Amid ceasefire in south-eastern Ukraine, Belarus strengthens border security

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April 22, 2016 18:56

Having secured its status as a regional negotiations platform, official Minsk is strengthening national security. The Kremlin’s attempts to freeze the conflict in eastern Ukraine have prompted Belarus to strengthen border security with the conflicting parties – Russia and Ukraine. The Belarusian government will continue to work with Russia and Ukraine and to gain benefits from making concessions to both parties in the conflict.

Pro-Russian rebels and the Ukrainian government have signed a cease-fire deal which came after talks in Minsk, which also included representatives from Russia and the Organization for Security and Cooperation in Europe.

On September 5th, the Trilateral Contact Group (Russia - Ukraine – OSCE) met in Minsk for the third time in the last two months. Official Minsk also hosted the Eurasian Union – EU – Ukraine summit in late August. Before the most recent meeting of the Contact Group in Minsk, when a cease-fire deal was signed, talks between the parties in the conflict had not had any significant results. 

In addition, amid growing Russian military presence in eastern Ukraine, the Belarusian authorities have strengthened security at the borders with Ukraine and Russia.

It should be noted that Belarus and Russia have not had their border delineated and demarcated. In fact, when the Belarus and Russia Union State was founded in the late 1990s, the border between Belarus and Russia was only a formality and was not controlled by either Belarusian or Russian border services. As of 2011, transport controls were abolished. However, when Russia was preparing for the Olympic Games in Sochi in February 2014, she resumed passport control at the Belarusian-Russian border from the Russian side, which continues to function. There are reports that Russian border guards pay particular attention to the documents of the Ukrainian citizens entering Russia – checking if they are on banned/restricted lists or if they are subject to criminal prosecution.

Amid escalation in the Russo-Ukrainian conflict, President Lukashenko signed a decree to strengthen border security in areas adjacent to the state border between Belarus and Russia. Presumably, the Belarusian leadership is following the Kremlin’s request to strengthen border security. The president’s press service emphasised, “This will enable the border service to carry out its duties and tasks within this area, as well as to ensure proper cooperation with the border authorities of the Russian Federation, aiming to detect and prevent illegal migration, drug trafficking and illegal cross-border movement.”

The Belarusian authorities realise that the fact that Kiev lacks control over the Russo-Ukrainian border in the Donetsk and Lugansk regions has led to military conflict escalation and Russian troops penetrating eastern Ukraine.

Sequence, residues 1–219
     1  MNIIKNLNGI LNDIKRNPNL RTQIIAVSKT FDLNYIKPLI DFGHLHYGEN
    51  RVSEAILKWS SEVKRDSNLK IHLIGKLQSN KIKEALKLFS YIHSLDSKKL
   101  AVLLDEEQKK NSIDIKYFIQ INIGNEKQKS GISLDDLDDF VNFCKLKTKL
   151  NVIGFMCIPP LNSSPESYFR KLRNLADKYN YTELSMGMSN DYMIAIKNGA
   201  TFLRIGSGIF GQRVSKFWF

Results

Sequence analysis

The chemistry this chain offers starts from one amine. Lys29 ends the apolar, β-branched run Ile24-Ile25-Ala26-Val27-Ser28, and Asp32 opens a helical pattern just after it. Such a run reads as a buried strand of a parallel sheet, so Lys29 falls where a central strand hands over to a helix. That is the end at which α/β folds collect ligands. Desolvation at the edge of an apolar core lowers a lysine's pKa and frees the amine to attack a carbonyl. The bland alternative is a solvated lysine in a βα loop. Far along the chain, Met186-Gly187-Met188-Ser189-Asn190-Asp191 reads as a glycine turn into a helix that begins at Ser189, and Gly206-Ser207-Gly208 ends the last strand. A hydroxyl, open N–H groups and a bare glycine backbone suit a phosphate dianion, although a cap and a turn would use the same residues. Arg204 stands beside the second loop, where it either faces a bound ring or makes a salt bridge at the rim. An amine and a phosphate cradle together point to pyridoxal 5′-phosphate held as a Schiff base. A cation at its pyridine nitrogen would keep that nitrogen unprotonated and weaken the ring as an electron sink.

In addition to enhancing border security with Russia, Lukashenko signed a decree to simplify procedures and reduce costs for demarcating the Belarusian-Ukrainian border. Previously Belarus’ Foreign Minister Makey said that the demarcation process could take up to seven years. By demonstrating its desire to expedite the demarcation of the Belarusian-Ukrainian border, Minsk is sending a signal to Kiev that there are no threats from the North.

Official Minsk is taking cautious steps to strengthen national security. The Belarusian authorities are preparing the grounds and infrastructure for establishing border control with Russia.

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President Lukashenka continues to rotate staff and rejuvenate heads of departments and universities following new appointments in regional administrations. Apparently, new Information Minister Karliukevich could somewhat relax the state policy towards the independent media and introduce technological solutions for retaining control over Belarus’ information space. New rectors could strengthen the trend for soft Belarusization in the regions and tighten the disciplinary and ideological control over the student movement in the capital.

President Lukashenka has appointed new ministers of culture and information, the new rector of the Belarusian State University and heads of three universities, assistants in the Minsk and Vitebsk regions.

The new Information Minister Karliukevich is likely to avoid controversial initiatives similar to those former Minister Ananich was famous for, however, certainly within his capacities. Nevertheless, the appointment of Belarusian-speaking writer Karliukevich could be regarded as the state’s cautious attempt to relax environment in the media field and ensure the sovereignty of national media.

The Belarusian leadership has consolidated the trend for mild Belarusization by appointing a young historian and a ‘reasonable nationalist’, Duk as the rector at the Kuleshov State University in Mogilev. Meanwhile, while choosing the head of the Belarusian State University, the president apparently had in mind the strengthening of the ideological loyalty among the teaching staff and students at the main university in order to keep the youth movement at bay. Previously, Korol was the rector of the Kupala State University in Grodno, where he held purges among the disloyal teaching staff.

The trend for the renewal of mid-ranking executives and their rejuvenation has confirmed. The age of the Culture Minister and three new rectors varies from 39 to 44 years old.